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Berries of many kinds poisonous.


Deciduous, Evergreen, Shrubs, Trees

Many hundreds of species and hybrids exist. Smaller kinds are attractive as foundation plantings or low hedges; larger evergreen sorts make attractive and impenetrable tall hedges or screens. In size, they range from foot-high dwarfs to trees 40–50 ft. tall. 

Nearly all holly plants are either male or female, and as a rule both sexes must be present in order for female plants to set fruit. Best bet is to plant a male of the same species as the fruiting females; if you use a different species, berries will form only if both plants flower at the same time. 

Most hollies prefer rich, slightly acid garden soil with good water drainage. (A few exceptions are noted.) All appreciate a mulch to deter weeds and keep soil cool and moist. Though plants will grow in sun or part shade, choose a sunny spot for best berry production and most compact growth. Scale can cause problems in all holly-growing areas. Holly bud moth and leaf miner need attention on English holly in the Northwest; for control, employ only products currently registered for use against those pests. Diseases are rarely a problem for home gardeners.

Most hollies tend to be dense and symmetrical. Prune mainly to remove poorly placed, broken, or dead branches. Winter holiday season is a good time to prune, because clipped branches can be used for indoor decoration. You can restore a holly that has become too open or ragged by severely shortening its branches and allowing new growth to fill in. Small-leafed hollies can be sheared into formal hedges or topiary figures.

Ilex aquifolium
Ilex aquifolium

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Ilex aquifolium

Evergreen shrub or tree native to southern and central Europe and Great Britain. Slow growth to 40 ft. tall and 25 ft. wide, usually much less. Highly variable in leaf shape, color, and degree of spininess. Some varieties produce seedless berries without a pollenizer, but these berries are usually small, slow to develop, and quick to drop. In the Northwest, where this holly is invasive, we recommend only male or seedless female varieties. Give partial shade where hot. Resistant to oak root fungus.

‘Big Bull’: Very ornamental male with large, nearly smooth-edged leaves.

‘Ferox’: Male with sterile pollen. Twisted, fiercely spined leaves are what give it its common names (Hedgehog, Porcupine Holly).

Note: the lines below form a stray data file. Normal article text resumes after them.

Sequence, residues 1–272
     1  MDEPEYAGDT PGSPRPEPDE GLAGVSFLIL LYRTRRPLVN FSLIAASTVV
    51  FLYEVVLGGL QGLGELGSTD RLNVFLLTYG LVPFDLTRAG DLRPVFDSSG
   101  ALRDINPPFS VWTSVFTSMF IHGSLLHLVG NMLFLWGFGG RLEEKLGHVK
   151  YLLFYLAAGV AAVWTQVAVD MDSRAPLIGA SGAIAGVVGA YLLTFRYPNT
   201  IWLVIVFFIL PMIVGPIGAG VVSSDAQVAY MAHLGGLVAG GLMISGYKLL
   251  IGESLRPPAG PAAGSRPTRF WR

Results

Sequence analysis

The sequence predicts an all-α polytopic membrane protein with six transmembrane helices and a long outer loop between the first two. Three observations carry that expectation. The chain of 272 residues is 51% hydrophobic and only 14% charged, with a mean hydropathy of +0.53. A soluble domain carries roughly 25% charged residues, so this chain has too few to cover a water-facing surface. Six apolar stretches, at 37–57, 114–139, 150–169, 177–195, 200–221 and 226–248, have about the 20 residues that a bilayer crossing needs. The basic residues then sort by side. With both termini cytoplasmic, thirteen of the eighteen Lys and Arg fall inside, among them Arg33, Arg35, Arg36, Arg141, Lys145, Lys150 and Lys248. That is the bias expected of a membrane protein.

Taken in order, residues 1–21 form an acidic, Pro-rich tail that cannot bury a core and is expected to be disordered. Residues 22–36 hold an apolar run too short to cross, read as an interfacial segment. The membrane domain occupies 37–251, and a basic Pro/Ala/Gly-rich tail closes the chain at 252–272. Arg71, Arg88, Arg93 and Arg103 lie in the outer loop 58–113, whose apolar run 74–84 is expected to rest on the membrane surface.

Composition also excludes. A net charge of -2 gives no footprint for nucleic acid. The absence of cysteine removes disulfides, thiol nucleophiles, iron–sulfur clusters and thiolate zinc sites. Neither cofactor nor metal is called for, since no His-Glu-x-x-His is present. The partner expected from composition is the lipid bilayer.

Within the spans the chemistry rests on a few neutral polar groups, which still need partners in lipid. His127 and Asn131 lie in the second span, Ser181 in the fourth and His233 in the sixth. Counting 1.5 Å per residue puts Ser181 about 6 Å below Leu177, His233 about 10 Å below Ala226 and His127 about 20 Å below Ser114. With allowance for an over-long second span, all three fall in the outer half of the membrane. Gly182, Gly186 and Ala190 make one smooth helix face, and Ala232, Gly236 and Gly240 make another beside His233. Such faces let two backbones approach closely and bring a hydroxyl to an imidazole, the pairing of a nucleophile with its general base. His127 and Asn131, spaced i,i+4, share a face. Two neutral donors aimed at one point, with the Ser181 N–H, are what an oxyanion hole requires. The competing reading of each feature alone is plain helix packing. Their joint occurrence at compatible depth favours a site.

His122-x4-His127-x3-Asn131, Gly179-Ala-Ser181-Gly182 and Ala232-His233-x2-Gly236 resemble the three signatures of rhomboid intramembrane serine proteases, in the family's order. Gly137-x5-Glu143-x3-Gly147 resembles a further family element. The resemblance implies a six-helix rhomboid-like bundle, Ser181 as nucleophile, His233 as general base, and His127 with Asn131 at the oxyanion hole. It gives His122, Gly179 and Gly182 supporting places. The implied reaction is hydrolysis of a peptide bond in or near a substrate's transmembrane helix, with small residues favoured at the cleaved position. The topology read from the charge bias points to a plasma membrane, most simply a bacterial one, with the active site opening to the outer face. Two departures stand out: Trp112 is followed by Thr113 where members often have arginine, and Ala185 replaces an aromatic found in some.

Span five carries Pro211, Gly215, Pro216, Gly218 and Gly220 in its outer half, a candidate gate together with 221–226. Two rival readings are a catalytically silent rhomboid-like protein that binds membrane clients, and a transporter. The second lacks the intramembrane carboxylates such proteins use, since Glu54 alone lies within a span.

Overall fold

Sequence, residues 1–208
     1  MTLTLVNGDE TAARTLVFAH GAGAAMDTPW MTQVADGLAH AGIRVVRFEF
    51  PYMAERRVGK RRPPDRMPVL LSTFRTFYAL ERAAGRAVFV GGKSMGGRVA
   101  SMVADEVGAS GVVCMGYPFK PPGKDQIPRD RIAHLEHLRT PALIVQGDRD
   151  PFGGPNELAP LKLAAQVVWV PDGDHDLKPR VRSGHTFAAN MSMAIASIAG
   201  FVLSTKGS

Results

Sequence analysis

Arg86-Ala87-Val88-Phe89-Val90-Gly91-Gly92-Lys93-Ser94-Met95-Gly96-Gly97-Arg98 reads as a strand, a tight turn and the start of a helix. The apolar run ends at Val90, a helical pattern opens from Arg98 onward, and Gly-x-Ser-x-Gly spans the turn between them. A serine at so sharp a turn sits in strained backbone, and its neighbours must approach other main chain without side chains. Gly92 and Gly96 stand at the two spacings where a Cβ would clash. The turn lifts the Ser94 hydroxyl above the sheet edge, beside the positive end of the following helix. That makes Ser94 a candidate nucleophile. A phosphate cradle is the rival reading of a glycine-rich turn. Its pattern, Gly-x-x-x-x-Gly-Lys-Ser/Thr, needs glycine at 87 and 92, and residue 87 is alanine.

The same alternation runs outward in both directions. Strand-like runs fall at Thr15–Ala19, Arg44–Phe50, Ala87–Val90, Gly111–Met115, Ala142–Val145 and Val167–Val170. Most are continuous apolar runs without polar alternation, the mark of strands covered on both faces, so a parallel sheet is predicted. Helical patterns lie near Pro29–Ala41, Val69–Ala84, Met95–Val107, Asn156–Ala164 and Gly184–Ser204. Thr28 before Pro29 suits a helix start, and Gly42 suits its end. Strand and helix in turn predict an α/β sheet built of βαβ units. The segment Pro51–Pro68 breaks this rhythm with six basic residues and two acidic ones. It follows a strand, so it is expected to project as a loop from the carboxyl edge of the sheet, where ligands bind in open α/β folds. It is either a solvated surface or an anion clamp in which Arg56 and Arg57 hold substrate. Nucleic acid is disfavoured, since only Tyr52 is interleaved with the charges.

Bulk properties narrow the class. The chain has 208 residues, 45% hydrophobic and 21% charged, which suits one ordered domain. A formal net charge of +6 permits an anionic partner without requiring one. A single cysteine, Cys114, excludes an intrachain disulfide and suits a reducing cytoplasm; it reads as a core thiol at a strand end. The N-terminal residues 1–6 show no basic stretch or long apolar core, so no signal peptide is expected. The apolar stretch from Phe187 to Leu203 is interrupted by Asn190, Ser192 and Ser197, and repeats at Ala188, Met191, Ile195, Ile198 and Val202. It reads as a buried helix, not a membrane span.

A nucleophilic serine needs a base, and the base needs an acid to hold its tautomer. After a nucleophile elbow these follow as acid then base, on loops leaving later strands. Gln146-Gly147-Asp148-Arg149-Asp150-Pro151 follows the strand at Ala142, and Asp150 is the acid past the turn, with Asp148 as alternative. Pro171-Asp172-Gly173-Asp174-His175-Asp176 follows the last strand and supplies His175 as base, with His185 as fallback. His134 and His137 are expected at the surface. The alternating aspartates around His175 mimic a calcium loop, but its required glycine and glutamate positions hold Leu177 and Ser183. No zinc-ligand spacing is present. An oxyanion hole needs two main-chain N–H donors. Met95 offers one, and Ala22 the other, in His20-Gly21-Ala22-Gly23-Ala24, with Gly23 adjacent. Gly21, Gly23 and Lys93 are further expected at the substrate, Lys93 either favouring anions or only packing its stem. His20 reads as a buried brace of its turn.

‘San Gabriel’: Bears seedless berries without pollination.

Variegated varieties are available with silver-edged leaves (‘Argentea Marginata’ and ‘Ferox Argentea’), gold-edged leaves (‘Aurea Marginata’ and ‘Gold Coast’, a 6–8-ft.-tall male), and gold-centered leaves (‘Britebush’ and ‘Pinto’).

Ilex cornuta

From China and Korea. Evergreen shrub or tree that needs a long warm season to set fruit. In desert climates, give protection from hot sun; grow in eastern or northern exposure. Dense or open growth to 10 ft. or taller, often wider in maturity. Leaves are typically glossy, leathery, nearly rectangular, with spines at the four corners and at tip. Exceptionally large, long-lasting bright red berries. Selections show great variation in fruit set, leaf form, spininess. In the following list, those setting fruit do so without a male variety.

‘Burfordii’ (Burford Holly): Grows to 15 ft. tall and 10 ft. wide. Widely planted in low-elevation California. Leaves are nearly spineless, cupped downward. Useful as an espalier.

‘Carissa’: Dwarf, dense grower to 3–4 ft. high and 4–6 ft. wide, with small leaves. Use for small containers or as a low hedge. Female, but no berries.

‘Dwarf Burford’ (‘Burfordii Nana’): Resembles ‘Burfordii’ but is much smaller—to just 6 ft. tall and wide. Branches are densely set with small, light green, spineless leaves.

‘Needlepoint’: Grows to 10 ft. tall and 12 ft. wide, with narrow, twisted leaves and bright red berries.

Ilex crenata (photo courtesy of Proven Winners)
Ilex crenata (photo courtesy of Proven Winners)

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Ilex crenata

Evergreen shrub from Russia, Japan, and Korea. Looks more like boxwood (Buxus) than holly. Dense, erect, usually to 4–10 ft. tall and wide, sometimes much larger. Narrow, finely toothed, 1/2–1-in.-long leaves. Black berries. Extremely useful where winter cold limits the choice of polished evergreens for hedges and edgings. Varieties include the following.

‘Compacta’: Rounded shrub to 6 ft. tall and wide, with dense habit. Many different plants are sold under this name.

‘Convexa’: Compact, rounded shrub grows to 4–6 ft. tall and somewhat wider. Leaves are roundish, cupped downward at the edges. Use as a clipped or unclipped hedge. Many different plants are sold under this name.

‘Drops of Gold’: Grows to 3 ft. high and 6 ft. wide; yellow outer leaves and green inner leaves.

‘Helleri’: Remains very small (about 1 ft. high and 2 ft. wide) for many years. May reach twice that size in 30 years.

‘Sky Pencil’: Columnar plant to 6 ft. tall and only 10 in. wide.

Ilex glabra ‘Shamrock’ (photo courtesy of Bailey Nurseries, Inc.)
Ilex glabra ‘Shamrock’ (photo courtesy of Bailey Nurseries, Inc.)